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Latin: A Linguistic Introduction

By Renato Oniga and Norma Shifano

Applies the principles of contemporary linguistics to the study of Latin and provides clear explanations of grammatical rules alongside diagrams to illustrate complex structures.


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The Ancient Language, and the Dialect of Cornwall, with an Enlarged Glossary of Cornish Provincial Words

By Frederick W.P. Jago

Containing around 3,700 dialect words from both Cornish and English,, this glossary was published in 1882 by Frederick W. P. Jago (1817–92) in an effort to describe and preserve the dialect as it too declined and it is an invaluable record of a disappearing dialect and way of life.


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Linguistic Bibliography for the Year 2013

The Linguistic Bibliography is by far the most comprehensive bibliographic reference work in the field. This volume contains up-to-date and extensive indexes of names, languages, and subjects.


Academic Paper


Title: Frequency of Input and L2 Collocational Processing - A Comparison of Congruent and Incongruent Collocations
Author: Brent Wolter
Institution: Idaho State University
Author: Henrik Carl Gyllstad
Email: click here to access email
Institution: Lund University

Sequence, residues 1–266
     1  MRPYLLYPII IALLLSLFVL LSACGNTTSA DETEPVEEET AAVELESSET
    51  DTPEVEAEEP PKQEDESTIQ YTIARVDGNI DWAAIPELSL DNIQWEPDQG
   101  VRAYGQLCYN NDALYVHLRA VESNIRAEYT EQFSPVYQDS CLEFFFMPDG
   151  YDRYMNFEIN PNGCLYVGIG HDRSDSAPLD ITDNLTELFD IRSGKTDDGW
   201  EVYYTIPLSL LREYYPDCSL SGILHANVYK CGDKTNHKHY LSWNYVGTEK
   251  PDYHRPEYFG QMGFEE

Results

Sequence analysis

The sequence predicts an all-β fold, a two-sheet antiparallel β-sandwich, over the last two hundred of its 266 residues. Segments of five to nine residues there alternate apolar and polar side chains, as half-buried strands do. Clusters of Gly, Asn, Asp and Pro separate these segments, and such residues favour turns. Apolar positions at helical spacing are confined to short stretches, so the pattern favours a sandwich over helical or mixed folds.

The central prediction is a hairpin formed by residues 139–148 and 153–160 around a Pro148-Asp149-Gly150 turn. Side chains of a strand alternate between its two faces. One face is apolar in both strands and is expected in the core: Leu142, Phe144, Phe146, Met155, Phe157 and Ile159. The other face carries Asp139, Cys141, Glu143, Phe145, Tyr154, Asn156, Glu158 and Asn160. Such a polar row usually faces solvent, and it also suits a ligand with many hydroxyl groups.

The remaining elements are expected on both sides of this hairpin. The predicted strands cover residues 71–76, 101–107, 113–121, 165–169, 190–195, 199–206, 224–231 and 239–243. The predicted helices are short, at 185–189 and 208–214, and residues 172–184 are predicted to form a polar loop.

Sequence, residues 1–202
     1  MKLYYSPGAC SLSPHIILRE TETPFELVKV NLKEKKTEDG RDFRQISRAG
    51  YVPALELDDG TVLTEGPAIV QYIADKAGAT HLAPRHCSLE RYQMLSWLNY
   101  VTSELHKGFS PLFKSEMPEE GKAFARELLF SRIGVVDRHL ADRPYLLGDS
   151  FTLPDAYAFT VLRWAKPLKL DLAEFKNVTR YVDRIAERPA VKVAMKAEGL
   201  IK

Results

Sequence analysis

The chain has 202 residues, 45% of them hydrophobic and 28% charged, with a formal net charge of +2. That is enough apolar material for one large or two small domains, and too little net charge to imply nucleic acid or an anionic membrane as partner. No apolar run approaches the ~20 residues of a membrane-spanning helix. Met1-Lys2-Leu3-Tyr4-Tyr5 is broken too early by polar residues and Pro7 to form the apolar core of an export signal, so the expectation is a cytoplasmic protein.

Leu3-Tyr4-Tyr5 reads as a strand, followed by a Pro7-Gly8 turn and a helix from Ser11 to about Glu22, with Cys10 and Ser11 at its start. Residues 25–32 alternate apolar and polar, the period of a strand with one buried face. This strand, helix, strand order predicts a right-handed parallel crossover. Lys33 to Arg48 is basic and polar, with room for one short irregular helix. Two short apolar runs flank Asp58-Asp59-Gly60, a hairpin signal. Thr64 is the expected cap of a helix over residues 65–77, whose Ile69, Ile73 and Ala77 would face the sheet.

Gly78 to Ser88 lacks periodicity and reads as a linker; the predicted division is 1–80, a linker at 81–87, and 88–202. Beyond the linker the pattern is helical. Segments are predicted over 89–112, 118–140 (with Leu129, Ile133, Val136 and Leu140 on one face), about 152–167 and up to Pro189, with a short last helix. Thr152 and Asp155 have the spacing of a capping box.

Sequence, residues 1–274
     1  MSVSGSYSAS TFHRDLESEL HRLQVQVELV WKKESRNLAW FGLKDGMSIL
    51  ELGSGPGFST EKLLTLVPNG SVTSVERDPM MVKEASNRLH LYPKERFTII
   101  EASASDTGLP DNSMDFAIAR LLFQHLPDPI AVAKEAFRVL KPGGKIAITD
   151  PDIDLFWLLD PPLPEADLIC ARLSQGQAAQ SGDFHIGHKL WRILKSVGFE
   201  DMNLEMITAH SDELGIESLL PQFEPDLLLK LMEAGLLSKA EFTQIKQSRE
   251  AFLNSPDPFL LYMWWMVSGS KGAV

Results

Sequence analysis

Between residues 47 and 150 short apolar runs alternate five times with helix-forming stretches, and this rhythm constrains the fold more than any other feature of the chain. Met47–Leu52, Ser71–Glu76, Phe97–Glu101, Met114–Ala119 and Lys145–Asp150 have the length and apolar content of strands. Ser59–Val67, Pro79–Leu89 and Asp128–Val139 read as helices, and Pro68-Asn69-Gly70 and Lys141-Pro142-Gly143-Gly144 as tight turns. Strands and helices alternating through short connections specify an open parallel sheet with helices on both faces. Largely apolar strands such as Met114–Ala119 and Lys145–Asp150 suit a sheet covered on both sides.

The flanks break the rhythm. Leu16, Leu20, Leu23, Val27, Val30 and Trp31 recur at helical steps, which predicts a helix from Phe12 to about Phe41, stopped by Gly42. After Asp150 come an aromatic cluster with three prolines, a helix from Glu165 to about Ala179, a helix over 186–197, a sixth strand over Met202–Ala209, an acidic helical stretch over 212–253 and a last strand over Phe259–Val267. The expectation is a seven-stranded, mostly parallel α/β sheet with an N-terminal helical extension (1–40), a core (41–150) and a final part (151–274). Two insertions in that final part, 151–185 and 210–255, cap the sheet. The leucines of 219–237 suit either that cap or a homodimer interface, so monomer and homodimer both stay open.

Linguistic Field: Language Acquisition; Psycholinguistics
Subject Language: English
Swedish
Abstract: This study investigated the influence of frequency effects on the processing of congruent (i.e., having an equivalent first language [L1] construction) collocations and incongruent (i.e., not having an equivalent L1 construction) collocations in a second language (L2). An acceptability judgment task was administered to native and advanced nonnative English speakers (L1 Swedish) to assess response times to and error rates for these collocations along with a matched set of unrelated items. The results suggested that advanced learners are highly sensitive to frequency effects for L2 collocations, which seems to support the idea that usage-based models of language acquisition can be fruitfully applied to understanding the processes that underlie L2 collocational acquisition. At the same time, however, the apparent continued influence of the L1 indicates that researchers may also want to draw on other models of language acquisition to gain a fuller understanding of the processes underlying the acquisition of collocations in a L2.

CUP at LINGUIST

This article appears in Studies in Second Language Acquisition Vol. 35, Issue 3, which you can read on Cambridge's site or on LINGUIST .



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